Appeal from the United States District Court for the Western District of Pennsylvania, D.C. Criminal No. 88-22 - Erie.
Becker, Cowen and Seitz, Circuit Judges.
This is an appeal by defendant from concurrent sentences of 24 months imposed after conviction on a two-count indictment charging conspiracy to distribute cocaine and possession of cocaine with intent to distribute subsequent to November 1, 1987.
Defendant first contends that her sixth amendment right to counsel and fourteenth amendment right to a fair trial were prejudicially violated by the conduct of the trial judge.
The first portion of defendant's argument relates to comments made by the judge before the jury was selected. We have examined the remarks and conclude without further elaboration that they fall far short of chilling counsel's ability to fairly represent his client. The defendant next attacks the judge's comments during trial. While some of the judge's comments were unfortunate, whether viewed singly or together, they fail to support a conclusion that defendant was thereby deprived of fair representation or that defendant did not receive a fair trial. Perfect equanimity on the part of a trial judge is not mandated by the Constitution.
Defendant next argues that the following remarks by the Assistant United States Attorney during his closing argument prejudicially violated her fifth amendment privilege against self-incrimination:
More importantly, one thing Mr. Weichler [defendant's counsel] stayed away from throughout was the tape recording [conversation between a former codefendant and this defendant]. This guy is a drug dealer. This person is no good. Do you notice no one ever got up and said anything that could explain away the discussion on that tape? How much was there? Was it 550 then? Ladies and gentlemen, I think I've said it already, but I say it again, the only witness who can't lie. There is nothing that can change that testimony. It has been consistent throughout.
We need not decide whether the comment constituted a constitutional violation because, even if it did, we are satisfied that the statement was harmless error beyond a reasonable doubt. We say this because of the damning testimony of two government witnesses who had originally been indicted along with defendant but who pleaded guilty before trial. A tape recording, to which defendant was a party, and other documentation only added to the great strength of the government's case. Cumulatively viewed, the evidence constituted overwhelming proof that defendant committed the crimes charged.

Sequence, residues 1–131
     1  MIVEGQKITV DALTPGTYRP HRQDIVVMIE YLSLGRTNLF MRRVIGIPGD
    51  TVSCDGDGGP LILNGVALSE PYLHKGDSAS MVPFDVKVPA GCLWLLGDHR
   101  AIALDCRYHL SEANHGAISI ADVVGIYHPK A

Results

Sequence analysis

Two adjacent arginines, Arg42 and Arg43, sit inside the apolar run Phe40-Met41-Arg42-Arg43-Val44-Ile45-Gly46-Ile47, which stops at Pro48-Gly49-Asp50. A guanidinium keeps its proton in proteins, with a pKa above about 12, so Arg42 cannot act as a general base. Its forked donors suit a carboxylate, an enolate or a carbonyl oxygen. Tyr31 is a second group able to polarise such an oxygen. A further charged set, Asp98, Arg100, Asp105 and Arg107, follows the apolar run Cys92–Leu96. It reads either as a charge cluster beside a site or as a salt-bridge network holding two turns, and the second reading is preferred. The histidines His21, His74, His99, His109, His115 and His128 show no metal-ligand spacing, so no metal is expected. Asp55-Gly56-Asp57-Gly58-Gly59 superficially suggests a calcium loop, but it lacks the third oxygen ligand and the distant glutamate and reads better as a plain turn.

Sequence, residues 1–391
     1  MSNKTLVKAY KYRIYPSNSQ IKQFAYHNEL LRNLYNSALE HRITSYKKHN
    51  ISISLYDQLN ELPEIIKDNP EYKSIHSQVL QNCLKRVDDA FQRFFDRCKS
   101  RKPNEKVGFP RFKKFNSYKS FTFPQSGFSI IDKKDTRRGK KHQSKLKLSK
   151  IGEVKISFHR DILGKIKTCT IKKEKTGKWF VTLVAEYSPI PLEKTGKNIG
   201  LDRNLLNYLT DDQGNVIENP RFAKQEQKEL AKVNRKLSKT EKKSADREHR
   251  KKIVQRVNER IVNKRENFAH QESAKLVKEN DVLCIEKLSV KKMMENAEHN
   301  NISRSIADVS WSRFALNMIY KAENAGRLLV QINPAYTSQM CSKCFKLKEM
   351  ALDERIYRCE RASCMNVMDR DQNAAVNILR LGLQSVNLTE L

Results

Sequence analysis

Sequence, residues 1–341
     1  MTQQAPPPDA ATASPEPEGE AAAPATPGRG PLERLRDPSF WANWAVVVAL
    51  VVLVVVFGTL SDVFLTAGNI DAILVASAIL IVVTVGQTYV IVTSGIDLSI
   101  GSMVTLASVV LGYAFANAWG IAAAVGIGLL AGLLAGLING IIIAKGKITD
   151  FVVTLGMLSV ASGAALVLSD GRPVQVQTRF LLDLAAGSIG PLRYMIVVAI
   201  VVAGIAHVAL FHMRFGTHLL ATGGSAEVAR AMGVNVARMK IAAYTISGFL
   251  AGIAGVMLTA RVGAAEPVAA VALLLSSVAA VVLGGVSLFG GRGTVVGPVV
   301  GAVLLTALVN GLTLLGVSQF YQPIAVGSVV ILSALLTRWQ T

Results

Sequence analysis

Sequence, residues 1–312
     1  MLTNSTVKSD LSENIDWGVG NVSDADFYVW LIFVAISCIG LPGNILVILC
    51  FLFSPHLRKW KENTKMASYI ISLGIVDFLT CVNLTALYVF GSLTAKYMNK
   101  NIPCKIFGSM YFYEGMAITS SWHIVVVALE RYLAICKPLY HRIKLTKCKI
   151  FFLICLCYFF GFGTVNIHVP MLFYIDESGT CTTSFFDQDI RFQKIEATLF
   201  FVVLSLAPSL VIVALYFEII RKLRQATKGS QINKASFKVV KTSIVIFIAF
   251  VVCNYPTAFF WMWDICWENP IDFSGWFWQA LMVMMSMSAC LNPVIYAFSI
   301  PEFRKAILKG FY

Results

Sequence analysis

Finally, defendant argues that certain mitigating factors tendered by defendant were so compelling that they exceeded the extent to which such factors were considered by the Sentencing Commission when it adopted the pertinent sentencing range. Thus, they contend that a deviation below the recommended sentencing guideline range was required. See 18 U.S.C. § 3553(b).*fn1
The defendant's brief notes that at the time of sentence the court identified several mitigating factors:
These mitigating factors included the defendant's cooperation with the government, the absence of a prior criminal record, and exemplary work history, and a lifetime of love and devotion to friends and family. In addition to those mitigating factors, the imposition of a sentence within the recommended guideline range in this case occasions an extreme hardship on the defendant's family.
However, in sentencing defendant, the district court stated:
THE COURT: I find nothing here that permits me to depart from the guidelines, and I am very much guided by them. I recognize all of the favorable points that the defendant has produced, and the best that I can do with those is to apply them to my choice of where within the guidelines the sentence would fall.
Defendant's position is not entirely clear. She may be contending that the district court was laboring under the erroneous impression that it did not have authority to reduce the sentence below the guideline range of 24 to 30 months despite 18 U.S.C. § 3553(b). On this premise, she would necessarily be arguing that the sentence is reviewable, as a matter of law, because of an incorrect understanding of the sentencing guidelines. 18 U.S.C. § 3742(a)(2). United States v. Cheape, 889 F.2d 477 (3d Cir. 1989), United States v. Medeiros, 884 F.2d 75 (3d Cir. 1989), United States v. Russell, 830 F.2d 18 (1st Cir. 1989).
The difficulty with defendant's argument is that we do not read the district court's sentencing remarks as indicating a belief that it lacked the power to deviate downward from the guideline range in a proper case. Rather, as the court said, "I have been asking and trying to get some factor that would justify a deviation, and I just said I haven't found any." One may ask why the district court would be looking for factors that would justify a deviation, if it believed that it lacked authority to deviate. We think the district court did not misunderstand the law in applying the sentencing Guidelines.
Alternatively, defendant may be contending that applying the guideline range to this case does not reflect the atypical nature of the mitigating circumstances present here. 18 U.S.C. § 3553(b) (Supp. V 1987). See United States v. Ryan, 866 F.2d 604, 607 (3d Cir. 1989). The government argues that we lack jurisdiction to entertain defendant's appeal to the extent it is based on a discretionary refusal to depart below the guidelines for the offenses involved. Before we address this issue a preliminary matter must be noted.